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Computed tomographic study in young epileptics in Kashmir, India

Author(s): Mohd Ashraf | Mohd Irshad | Javed Chowdhary | Reyaz A Malla | Yasmeena Akhter

Journal: Al Ameen Journal of Medical Sciences
ISSN 0974-1143

Volume: 06;
Issue: 03;
Start page: 272;
Date: 2013;
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Keywords: Brain | computed tomography | epilepsy | intracranial structural lesions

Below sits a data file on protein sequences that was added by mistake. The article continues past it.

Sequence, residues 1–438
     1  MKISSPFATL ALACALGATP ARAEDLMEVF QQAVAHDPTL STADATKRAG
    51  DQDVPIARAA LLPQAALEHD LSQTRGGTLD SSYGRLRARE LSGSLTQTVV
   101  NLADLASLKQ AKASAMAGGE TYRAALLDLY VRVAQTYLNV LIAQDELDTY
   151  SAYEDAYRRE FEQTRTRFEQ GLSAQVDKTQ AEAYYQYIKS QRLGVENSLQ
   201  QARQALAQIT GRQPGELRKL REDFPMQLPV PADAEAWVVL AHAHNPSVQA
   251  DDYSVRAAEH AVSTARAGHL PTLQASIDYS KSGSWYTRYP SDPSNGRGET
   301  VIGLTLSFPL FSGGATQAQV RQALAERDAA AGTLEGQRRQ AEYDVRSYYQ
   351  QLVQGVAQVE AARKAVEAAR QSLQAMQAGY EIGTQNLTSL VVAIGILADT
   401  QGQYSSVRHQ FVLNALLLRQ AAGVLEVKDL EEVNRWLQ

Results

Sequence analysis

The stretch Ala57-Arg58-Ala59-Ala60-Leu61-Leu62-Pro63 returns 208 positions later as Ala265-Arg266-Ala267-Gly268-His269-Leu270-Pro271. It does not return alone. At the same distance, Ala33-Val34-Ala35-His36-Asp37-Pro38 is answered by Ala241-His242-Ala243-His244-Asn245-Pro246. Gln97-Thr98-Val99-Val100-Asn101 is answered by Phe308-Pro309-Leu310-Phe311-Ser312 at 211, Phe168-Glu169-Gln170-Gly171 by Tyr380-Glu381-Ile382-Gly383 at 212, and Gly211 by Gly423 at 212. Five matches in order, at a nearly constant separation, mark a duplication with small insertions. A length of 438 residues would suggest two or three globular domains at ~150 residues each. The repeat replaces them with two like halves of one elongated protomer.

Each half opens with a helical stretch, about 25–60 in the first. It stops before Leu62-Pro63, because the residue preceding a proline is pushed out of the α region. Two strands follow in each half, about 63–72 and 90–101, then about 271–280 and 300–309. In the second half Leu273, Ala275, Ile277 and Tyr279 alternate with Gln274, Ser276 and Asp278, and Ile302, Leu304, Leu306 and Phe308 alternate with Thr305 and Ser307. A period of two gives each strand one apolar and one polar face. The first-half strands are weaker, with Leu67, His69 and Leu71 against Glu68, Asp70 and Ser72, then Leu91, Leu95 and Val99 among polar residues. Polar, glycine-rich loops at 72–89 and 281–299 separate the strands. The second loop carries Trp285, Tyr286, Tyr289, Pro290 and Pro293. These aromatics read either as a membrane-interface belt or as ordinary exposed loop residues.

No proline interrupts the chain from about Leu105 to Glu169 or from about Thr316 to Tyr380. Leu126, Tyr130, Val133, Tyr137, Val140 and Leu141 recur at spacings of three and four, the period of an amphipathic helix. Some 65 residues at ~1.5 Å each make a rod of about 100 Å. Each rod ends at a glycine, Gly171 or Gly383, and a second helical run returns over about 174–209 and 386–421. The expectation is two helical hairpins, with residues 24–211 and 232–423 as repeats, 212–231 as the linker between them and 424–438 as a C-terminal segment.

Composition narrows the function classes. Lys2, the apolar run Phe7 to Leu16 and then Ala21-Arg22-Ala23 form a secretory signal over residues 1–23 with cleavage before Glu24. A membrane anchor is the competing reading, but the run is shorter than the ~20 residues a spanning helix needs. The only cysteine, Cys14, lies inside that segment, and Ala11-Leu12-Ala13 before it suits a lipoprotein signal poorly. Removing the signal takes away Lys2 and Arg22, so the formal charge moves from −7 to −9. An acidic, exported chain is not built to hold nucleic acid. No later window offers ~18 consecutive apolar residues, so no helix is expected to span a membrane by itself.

Background: Infectious diseases like neurocysticercosis and neurotuberculosis are endemic in Indian subcontinent and are important causes of epilepsy. Epileptic children are prone to have poor school performance, higher levels of anxiety and depression apart from low self esteem. These treatable condition could be easily picked up on neuroimaging like cranial computed tomography (CT) scan and treated accordingly at an earliest. Objectives: To assess the role of cranial computed tomography scan in children having epilepsy. Material and Methods: Seventy two children between the age of 1 month and 14 years were prospectively enrolled, who had atleast two unprovoked seizures greater than 24 hours apart, and all those children where seizures result from acute central nervous system insult were meticulously excluded. Diagnosis of epilepsy was based on detailed history, thorough clinical examination, routine laboratory tests with additional specific tests like electroencephalogram (EEG) and CT scan brain. Results: Males constituted 62.5% and females 37.5% of our sample (p=0.247). The EEG was abnormal in 68.1% of all subjects, among which EEG was abnormal in 69.8% of generalized seizures, 64.7% in partial seizures and 1% in undetermined seizures. The spectrum of various seizure types in our study was generalized seizures in 73.6%, partial seizures in 23.6% & undetermined seizures in 2.8%. The incidence of these lesions in hospitalized young epileptics was 31.9%, in order of their frequency, it was cerebral atrophy and dilated ventricle (18.8% each); calcifications (15.5%); encephalomalacia and pachygyria (9.4% each); HIE changes, tuberous sclerosis (6.3% each); leucodystrophy, thin corpus callosum, large cisterna magna, granuloma and periventricular leukomalacia (3.1% each). The intracranial structural lesions were present in 22.6% of generalized seizures, 64.7% of partial seizures, none of undetermined seizures (p=0.004). Conclusion: Abnormal cranial CT scan were more commonly seen in patients having remarkable family and personal history, abnormal clinical details, partial seizures and persistent altered sensorium or neurodeficit

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